5

What is the general recommendation as to what to do with the thread from a seam that has been broken?

I have this concern when I am repairing stuffed animals, which my kids have a plenty of, that get worn from general play or roughed up by real animals. The following diagram might better illustrate my issue.

Awesome image of broken seam

In the above image the gray material represents the stuffing of the toy and the red is the existing thread from the stitching.

Normally what I do is repair over the thread a small distance to try and trap the existing thread from pulling out further. That does not always work and sometimes it comes out anyway.

Places where the seam only has thread from one end I tie my thread to the tail of the stitch and work away. I can't do that on both ends though.

I realize this questions motivation comes from small cheap toys but this would apply as well to some clothing seams as well.

3

If the ends of the old thread are long enough and strong enough, finish them off as you would the end of your hand stitching.

If the ends are strong enough but very short you can use tricks to tie the ends and tucked out of the way. My most used method is to stick the needle into the fabric close to where the last stitch is.
Then I make a loop around the needle and insert into the eye of the needle, in such a way that the thread will make a knot when the needle is pulled through the fabric. If you have enough length, repeat once or twice, to make a more secure finish.
If it is the last tuck, have the needle go up and down a few times going through the fabric of or near the seam.
You can do this instead of tying onto the new yarn, but your method will also work if the yarn is still strong enough.

I would still stitch the new seam over the old one, making the switchover more secure.

If the yarn is likely to break you may want to replace a bigger part of the stitching, even when the thread is not breaking yet. You can stitch over the old stitching or just next to it, or you can take out the old stitching and replace it with the new seam.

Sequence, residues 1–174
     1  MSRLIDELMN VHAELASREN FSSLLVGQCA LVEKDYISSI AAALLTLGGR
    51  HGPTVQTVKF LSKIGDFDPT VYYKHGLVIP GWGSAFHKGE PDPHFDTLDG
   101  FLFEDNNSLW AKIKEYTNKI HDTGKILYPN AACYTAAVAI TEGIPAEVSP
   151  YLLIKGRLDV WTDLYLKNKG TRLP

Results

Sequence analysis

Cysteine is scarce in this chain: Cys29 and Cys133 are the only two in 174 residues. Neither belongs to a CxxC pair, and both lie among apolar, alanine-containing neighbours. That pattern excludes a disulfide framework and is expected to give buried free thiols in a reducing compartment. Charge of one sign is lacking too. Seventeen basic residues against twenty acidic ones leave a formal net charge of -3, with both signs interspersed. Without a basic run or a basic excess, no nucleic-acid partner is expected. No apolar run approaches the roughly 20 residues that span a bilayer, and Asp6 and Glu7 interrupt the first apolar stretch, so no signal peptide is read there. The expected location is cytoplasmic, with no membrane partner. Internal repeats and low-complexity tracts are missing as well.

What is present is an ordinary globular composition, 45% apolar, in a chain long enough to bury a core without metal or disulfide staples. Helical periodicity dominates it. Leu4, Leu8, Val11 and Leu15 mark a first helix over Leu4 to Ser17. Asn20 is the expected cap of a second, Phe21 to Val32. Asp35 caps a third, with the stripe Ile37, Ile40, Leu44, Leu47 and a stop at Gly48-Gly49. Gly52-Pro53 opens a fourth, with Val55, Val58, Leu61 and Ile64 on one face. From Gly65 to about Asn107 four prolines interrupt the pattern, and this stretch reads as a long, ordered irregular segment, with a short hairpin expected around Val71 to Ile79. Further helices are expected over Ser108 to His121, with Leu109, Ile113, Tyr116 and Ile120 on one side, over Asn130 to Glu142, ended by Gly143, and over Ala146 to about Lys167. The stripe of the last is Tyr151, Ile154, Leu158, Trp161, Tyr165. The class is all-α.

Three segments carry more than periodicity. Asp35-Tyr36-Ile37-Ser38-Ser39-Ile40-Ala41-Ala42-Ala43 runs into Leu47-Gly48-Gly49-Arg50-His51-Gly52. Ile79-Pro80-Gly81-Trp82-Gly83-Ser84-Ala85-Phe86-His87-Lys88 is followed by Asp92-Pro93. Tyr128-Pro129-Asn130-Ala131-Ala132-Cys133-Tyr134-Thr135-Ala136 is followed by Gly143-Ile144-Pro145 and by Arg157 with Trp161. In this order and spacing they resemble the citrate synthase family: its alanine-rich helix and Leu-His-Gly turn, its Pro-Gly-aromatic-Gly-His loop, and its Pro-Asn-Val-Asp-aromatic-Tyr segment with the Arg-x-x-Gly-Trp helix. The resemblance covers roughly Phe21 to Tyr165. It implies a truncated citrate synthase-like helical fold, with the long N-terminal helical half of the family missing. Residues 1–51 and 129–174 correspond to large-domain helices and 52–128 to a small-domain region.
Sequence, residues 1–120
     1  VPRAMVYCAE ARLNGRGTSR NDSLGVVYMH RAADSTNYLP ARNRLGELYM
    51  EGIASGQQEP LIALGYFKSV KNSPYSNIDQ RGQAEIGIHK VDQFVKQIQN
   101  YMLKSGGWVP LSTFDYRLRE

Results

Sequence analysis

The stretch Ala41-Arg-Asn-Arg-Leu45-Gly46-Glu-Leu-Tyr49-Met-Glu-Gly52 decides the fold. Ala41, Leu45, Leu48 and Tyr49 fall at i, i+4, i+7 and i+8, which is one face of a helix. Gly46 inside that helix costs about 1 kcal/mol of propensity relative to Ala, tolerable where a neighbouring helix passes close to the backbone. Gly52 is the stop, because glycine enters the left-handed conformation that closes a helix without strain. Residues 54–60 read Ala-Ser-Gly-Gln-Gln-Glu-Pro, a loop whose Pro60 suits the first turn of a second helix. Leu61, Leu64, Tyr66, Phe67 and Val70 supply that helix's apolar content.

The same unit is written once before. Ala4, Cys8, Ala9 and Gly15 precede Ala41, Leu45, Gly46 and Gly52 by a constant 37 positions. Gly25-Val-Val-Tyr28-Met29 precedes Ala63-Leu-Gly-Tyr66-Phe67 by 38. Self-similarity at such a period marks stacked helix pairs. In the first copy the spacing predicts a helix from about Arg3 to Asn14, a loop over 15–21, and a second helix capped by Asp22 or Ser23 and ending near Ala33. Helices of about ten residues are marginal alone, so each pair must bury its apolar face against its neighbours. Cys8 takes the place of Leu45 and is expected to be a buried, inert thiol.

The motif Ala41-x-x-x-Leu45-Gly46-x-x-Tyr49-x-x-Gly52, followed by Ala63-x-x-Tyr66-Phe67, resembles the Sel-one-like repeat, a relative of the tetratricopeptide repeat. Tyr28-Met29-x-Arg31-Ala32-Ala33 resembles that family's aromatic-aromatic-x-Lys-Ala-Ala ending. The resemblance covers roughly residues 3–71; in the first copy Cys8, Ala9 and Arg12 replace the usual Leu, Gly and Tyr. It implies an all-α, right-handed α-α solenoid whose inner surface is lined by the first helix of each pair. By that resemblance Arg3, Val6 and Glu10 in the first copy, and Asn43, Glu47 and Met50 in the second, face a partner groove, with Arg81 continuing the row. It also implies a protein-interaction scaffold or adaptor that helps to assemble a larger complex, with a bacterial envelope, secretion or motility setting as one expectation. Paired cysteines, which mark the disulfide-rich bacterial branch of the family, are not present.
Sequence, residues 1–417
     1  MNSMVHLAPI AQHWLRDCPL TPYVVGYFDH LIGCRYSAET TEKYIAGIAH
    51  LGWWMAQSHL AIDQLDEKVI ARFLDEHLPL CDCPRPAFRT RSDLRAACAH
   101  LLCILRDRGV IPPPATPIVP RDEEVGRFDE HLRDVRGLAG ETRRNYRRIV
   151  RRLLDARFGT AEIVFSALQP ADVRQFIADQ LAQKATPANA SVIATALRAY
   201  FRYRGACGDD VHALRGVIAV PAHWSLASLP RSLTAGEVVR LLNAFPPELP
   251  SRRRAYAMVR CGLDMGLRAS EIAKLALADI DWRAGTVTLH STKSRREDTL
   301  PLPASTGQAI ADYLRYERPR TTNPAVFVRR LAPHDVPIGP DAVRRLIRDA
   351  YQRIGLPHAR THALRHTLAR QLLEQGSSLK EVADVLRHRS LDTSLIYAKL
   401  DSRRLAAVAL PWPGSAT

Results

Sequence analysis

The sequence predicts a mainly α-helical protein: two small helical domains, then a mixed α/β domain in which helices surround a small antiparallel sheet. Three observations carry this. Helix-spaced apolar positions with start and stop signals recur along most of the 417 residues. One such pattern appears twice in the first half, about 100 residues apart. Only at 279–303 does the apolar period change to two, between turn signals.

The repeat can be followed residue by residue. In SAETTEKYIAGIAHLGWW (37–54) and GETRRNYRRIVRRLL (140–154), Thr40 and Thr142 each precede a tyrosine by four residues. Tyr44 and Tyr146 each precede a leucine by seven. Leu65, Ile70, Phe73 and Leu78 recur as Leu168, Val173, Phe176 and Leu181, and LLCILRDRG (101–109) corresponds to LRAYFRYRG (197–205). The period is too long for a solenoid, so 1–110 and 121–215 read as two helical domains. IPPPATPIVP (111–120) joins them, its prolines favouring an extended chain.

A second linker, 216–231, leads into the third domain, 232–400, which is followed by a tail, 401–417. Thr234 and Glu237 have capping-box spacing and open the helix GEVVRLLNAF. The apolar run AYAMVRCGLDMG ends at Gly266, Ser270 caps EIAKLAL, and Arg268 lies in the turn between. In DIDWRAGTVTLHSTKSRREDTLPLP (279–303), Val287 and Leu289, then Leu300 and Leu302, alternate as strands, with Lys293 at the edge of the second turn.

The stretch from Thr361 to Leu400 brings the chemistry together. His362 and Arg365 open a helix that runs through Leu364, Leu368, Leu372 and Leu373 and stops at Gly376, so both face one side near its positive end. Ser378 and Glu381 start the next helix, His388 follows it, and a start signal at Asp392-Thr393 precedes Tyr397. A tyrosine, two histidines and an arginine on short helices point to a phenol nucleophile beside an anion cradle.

1

You could always try some Fray Check on the loose threads and then tuck/poke them into the stuffing.

  • This answer was flagged as low quality but I don't see a good reason for that. While we value as much information as we can some answers are perfectly valid if they are terse, such as this one. – Matt Mar 31 '17 at 18:25
  • @Matt Sometimes such flags are auto-generated (based on length) – Erica Mar 31 '17 at 22:29
  • I was not aware that even happened . Thanks – Matt Mar 31 '17 at 22:58
  • Matt and @Erica, thank you both for the info and support. I'm still learning. – user1798 Apr 1 '17 at 2:17
  • One good way to add length and helpfulness to short instructions like this in to add in an example or two of times you've done this and it worked, or issues you had. – user24 Apr 2 '17 at 15:52

Your Answer

By clicking “Post Your Answer”, you agree to our terms of service, privacy policy and cookie policy

Not the answer you're looking for? Browse other questions tagged or ask your own question.